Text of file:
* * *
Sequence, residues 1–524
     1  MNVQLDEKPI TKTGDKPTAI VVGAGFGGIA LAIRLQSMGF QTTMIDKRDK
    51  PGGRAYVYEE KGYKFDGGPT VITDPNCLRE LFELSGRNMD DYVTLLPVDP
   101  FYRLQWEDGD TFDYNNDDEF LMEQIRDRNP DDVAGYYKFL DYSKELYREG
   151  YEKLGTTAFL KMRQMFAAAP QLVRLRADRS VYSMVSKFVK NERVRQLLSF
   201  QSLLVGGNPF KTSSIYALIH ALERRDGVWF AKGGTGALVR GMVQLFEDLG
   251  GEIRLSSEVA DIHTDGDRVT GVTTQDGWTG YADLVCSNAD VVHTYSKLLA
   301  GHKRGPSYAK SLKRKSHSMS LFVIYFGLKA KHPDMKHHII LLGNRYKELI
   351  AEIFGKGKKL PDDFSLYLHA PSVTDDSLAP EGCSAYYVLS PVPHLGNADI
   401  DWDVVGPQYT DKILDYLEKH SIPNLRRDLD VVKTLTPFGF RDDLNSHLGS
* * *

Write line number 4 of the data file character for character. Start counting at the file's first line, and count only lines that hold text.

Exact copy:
   101  FYRLQWEDGD TFDYNNDDEF LMEQIRDRNP DDVAGYYKFL DYSKELYREG